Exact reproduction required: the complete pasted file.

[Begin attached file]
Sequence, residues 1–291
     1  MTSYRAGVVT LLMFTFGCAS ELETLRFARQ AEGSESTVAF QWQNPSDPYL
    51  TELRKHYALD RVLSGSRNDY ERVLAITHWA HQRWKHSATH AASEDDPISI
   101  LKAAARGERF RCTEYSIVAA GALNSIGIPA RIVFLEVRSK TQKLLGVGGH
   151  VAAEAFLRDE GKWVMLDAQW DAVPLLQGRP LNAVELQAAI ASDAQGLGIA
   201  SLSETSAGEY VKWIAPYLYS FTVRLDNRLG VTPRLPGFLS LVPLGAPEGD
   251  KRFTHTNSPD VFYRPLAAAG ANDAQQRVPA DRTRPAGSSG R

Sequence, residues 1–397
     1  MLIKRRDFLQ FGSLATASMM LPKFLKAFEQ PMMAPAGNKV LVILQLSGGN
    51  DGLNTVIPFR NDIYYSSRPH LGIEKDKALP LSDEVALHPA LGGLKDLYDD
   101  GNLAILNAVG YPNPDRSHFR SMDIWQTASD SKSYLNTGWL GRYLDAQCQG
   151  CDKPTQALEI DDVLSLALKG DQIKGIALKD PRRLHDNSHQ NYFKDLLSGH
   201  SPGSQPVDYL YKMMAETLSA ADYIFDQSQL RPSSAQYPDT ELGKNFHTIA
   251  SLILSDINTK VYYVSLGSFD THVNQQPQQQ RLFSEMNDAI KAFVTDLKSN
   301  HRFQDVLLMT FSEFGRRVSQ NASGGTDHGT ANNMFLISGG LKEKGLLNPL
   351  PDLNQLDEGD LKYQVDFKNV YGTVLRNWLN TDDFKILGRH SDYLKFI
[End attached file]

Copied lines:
Sequence, residues 1–291
     1  MTSYRAGVVT LLMFTFGCAS ELETLRFARQ AEGSESTVAF QWQNPSDPYL
    51  TELRKHYALD RVLSGSRNDY ERVLAITHWA HQRWKHSATH AASEDDPISI
   101  LKAAARGERF RCTEYSIVAA GALNSIGIPA RIVFLEVRSK TQKLLGVGGH
   151  VAAEAFLRDE GKWVMLDAQW DAVPLLQGRP LNAVELQAAI ASDAQGLGIA
   201  SLSETSAGEY VKWIAPYLYS FTVRLDNRLG VTPRLPGFLS LVPLGAPEGD
   251  KRFTHTNSPD VFYRPLAAAG ANDAQQRVPA DRTRPAGSSG R

Sequence, residues 1–397
     1  MLIKRRDFLQ FGSLATASMM LPKFLKAFEQ PMMAPAGNKV LVILQLSGGN
    51  DGLNTVIPFR NDIYYSSRPH LGIEKDKALP LSDEVALHPA LGGLKDLYDD
   101  GNLAILNAVG YPNPDRSHFR SMDIWQTASD SKSYLNTGWL GRYLDAQCQG
   151  CDKPTQALEI DDVLSLALKG DQIKGIALKD PRRLHDNSHQ NYFKDLLSGH
   201  SPGSQPVDYL YKMMAETLSA ADYIFDQSQL RPSSAQYPDT ELGKNFHTIA
   251  SLILSDINTK VYYVSLGSFD THVNQQPQQQ RLFSEMNDAI KAFVTDLKSN
   301  HRFQDVLLMT FSEFGRRVSQ NASGGTDHGT ANNMFLISGG LKEKGLLNPL
   351  PDLNQLDEGD LKYQVDFKNV YGTVLRNWLN TDDFKILGRH SDYLKFI